The Blame Game in UI Design

I’m running our little Bar Camp Malta survey on Zoomerang. This is the first time I’ve used that service. The setup was a little clunky, but the price–free like the wind and the sea–was right.

Every time I log in to Zoomerang, to tweak the survey or check the results, I’m presented with this message:

Playing the Blame Game

There are so many things wrong with that error message. First, it shouldn’t exist at all. How come every other Web app I use can either auto-magically save my work, or prevent me from logging out without saving?

Second, the language is incredibly waffly. “It does not appear” that I logged out? This implies that the developers can’t really tell for sure if I logged out or not. And then the real problem–I “could” have lost changes? Even if I don’t, surely Zoomerang ought to know whether I lost changes.

Finally, I’m given no recourse but to not log in (‘Cancel’) or proceed in shame (‘Ok’). They don’t even bother to say “to avoid losing your work in the future, be sure to log out”.

It’s classic old-school UI design thinking. Instead of building better software, they just uselessly berate the user.


  1. Just was wondering whether to log the report myself.. Since you had it on your blog, i figured you might have raised a defect against the application. No worries

  2. Yeesh. Not ok, but this kind of thing still happens in all kinds of UI design. The interface for the recently-updated Telus voicemail service was pulling a similar trick, where if you didn’t end your session by pressing star all the way out to the top menu, the new message indicator wouldn’t stop blinking.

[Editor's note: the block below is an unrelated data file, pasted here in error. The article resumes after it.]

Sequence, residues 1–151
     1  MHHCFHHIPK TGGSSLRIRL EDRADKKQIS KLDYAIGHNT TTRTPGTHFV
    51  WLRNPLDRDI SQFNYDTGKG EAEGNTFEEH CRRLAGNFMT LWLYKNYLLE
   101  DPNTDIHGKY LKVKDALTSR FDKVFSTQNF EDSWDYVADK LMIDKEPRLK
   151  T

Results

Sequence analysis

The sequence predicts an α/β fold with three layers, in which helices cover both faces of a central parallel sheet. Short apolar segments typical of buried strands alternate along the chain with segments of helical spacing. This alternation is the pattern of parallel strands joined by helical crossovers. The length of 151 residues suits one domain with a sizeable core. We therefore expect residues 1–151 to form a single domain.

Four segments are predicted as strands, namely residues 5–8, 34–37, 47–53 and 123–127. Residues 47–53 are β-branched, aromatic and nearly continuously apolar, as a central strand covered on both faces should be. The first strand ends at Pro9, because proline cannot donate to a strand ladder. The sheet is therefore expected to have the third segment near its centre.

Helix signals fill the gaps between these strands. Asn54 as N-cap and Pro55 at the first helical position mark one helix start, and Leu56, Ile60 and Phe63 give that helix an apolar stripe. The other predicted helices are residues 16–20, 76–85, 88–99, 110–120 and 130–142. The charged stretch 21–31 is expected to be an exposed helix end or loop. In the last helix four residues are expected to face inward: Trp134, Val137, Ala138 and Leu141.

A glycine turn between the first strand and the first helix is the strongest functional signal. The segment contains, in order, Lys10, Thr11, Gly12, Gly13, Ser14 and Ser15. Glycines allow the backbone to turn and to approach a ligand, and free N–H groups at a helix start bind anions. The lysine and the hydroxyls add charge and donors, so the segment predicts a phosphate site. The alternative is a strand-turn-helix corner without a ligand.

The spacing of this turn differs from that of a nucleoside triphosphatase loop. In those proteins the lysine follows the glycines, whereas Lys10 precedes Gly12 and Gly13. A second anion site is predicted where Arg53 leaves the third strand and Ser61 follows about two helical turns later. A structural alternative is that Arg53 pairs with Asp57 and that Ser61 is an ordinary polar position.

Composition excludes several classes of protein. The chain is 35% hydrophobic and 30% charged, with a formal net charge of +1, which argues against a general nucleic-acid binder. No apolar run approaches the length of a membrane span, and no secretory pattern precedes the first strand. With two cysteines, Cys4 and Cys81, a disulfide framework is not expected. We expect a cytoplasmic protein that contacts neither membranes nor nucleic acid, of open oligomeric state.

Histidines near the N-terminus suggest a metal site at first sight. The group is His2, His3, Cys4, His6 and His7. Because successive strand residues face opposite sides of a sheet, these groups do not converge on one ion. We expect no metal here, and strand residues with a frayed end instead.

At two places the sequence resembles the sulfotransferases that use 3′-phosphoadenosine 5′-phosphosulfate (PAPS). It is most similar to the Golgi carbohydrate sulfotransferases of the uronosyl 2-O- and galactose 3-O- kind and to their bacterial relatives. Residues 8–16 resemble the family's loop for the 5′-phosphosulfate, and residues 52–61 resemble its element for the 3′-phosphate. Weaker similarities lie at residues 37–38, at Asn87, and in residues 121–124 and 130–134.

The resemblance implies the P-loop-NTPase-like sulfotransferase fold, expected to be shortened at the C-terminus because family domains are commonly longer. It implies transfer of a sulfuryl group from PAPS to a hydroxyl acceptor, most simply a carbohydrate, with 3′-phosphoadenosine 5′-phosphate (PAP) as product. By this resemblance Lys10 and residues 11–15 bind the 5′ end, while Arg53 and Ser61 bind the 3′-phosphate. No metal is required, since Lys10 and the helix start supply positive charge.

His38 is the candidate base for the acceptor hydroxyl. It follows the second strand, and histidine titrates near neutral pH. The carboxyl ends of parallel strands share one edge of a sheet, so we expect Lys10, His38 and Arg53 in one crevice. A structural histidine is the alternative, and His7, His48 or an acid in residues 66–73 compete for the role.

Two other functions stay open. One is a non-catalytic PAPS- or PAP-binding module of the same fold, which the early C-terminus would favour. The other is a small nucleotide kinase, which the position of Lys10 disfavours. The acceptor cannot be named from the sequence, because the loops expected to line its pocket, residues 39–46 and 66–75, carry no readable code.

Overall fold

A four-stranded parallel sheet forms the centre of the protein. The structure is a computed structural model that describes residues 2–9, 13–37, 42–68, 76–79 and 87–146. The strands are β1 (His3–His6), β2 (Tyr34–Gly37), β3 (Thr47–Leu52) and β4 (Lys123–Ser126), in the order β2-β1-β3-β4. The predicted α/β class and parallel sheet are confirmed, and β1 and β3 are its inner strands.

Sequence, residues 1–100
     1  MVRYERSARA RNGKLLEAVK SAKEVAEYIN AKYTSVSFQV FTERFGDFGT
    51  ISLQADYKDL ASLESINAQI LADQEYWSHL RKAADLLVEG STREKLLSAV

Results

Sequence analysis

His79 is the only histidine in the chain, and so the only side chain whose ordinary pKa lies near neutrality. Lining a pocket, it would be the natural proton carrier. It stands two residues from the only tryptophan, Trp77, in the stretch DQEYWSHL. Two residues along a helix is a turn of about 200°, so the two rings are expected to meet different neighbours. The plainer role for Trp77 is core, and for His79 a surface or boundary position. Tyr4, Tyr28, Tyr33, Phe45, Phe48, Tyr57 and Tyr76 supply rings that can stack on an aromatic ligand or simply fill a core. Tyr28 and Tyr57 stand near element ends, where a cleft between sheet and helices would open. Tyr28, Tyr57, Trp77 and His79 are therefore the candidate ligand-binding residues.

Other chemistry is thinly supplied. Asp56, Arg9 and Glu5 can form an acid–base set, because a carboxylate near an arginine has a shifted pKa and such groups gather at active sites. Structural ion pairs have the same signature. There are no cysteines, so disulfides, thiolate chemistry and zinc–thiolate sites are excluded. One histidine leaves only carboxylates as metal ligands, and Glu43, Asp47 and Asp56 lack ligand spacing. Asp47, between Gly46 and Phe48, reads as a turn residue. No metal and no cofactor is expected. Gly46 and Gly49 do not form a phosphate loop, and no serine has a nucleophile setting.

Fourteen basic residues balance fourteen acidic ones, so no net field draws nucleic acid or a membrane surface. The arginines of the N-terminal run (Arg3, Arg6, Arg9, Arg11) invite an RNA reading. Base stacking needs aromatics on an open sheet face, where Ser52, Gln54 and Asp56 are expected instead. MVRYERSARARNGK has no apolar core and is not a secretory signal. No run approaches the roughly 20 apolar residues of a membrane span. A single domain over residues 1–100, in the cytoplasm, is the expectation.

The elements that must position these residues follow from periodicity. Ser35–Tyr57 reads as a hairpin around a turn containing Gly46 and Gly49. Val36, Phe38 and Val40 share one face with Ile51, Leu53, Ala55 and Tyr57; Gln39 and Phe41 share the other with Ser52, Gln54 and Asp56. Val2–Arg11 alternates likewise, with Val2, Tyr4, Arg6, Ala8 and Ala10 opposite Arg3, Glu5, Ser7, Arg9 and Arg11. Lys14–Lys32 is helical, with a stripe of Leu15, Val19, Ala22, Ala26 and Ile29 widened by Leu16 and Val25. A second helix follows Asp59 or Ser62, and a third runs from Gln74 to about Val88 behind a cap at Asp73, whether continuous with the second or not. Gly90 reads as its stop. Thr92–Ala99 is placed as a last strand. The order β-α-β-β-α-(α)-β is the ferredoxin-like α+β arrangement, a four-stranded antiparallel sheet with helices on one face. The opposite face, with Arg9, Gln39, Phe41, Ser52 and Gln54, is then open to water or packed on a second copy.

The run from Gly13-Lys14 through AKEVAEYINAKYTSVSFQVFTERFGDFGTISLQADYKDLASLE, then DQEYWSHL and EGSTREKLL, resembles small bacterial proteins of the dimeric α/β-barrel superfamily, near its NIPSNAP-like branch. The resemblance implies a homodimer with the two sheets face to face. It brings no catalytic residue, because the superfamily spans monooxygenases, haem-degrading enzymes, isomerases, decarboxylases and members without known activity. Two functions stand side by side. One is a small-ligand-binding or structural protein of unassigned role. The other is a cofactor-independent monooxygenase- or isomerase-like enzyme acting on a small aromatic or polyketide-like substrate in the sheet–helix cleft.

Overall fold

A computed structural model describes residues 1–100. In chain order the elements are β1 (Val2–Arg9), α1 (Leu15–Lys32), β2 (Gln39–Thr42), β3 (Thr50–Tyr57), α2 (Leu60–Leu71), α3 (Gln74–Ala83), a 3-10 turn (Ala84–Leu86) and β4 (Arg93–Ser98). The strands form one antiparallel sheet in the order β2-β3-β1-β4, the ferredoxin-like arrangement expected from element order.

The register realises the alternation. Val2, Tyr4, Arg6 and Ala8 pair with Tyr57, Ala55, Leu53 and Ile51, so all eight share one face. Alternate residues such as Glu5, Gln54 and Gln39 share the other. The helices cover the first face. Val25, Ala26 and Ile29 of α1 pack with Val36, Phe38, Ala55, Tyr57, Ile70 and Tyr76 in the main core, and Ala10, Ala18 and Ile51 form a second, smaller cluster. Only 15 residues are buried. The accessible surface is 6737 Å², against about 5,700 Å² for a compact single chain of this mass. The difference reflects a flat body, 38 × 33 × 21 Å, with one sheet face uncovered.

The support rep, in classic Telus fashion, informed me that I was not signing out of the system properly, as I end my sessions by hanging up. We had considerable back and forth and he finally agreed to submit it as a defect. Happily, it’s been fixed, but it’s just not ok to think that a person should perform a meaningless gesture of informing the system that the session is over when the session is de-facto over (the window is closed, the phone is hung up).

  3. Good post.

    Happy to see a follow-up from Brian (on the dev team?) — maybe some companies still care about their customers? To me, that’s definitely one factor that sets successful products apart from their competition.

    The dev budgets seem to have been shaved-down so much that these screens are an afterthought at best most of the time. I recently had the “luxury” of customizing the 404, 500, (etc.) screens for the first time in years. The company goal, however, was to completely track the user’s path rather than give them a good user experience…

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